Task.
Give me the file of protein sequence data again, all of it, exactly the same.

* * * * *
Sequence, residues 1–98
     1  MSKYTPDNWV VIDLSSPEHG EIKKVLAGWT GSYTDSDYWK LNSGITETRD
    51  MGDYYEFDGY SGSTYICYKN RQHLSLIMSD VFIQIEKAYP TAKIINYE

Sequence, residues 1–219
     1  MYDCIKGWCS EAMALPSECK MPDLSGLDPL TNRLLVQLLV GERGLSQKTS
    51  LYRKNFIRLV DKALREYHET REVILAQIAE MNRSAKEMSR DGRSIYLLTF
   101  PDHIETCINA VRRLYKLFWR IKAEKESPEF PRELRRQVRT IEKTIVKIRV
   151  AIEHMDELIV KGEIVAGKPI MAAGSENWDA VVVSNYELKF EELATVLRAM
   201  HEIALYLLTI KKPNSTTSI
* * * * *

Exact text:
Sequence, residues 1–98
     1  MSKYTPDNWV VIDLSSPEHG EIKKVLAGWT GSYTDSDYWK LNSGITETRD
    51  MGDYYEFDGY SGSTYICYKN RQHLSLIMSD VFIQIEKAYP TAKIINYE

Sequence, residues 1–219
     1  MYDCIKGWCS EAMALPSECK MPDLSGLDPL TNRLLVQLLV GERGLSQKTS
    51  LYRKNFIRLV DKALREYHET REVILAQIAE MNRSAKEMSR DGRSIYLLTF
   101  PDHIETCINA VRRLYKLFWR IKAEKESPEF PRELRRQVRT IEKTIVKIRV
   151  AIEHMDELIV KGEIVAGKPI MAAGSENWDA VVVSNYELKF EELATVLRAM
   201  HEIALYLLTI KKPNSTTSI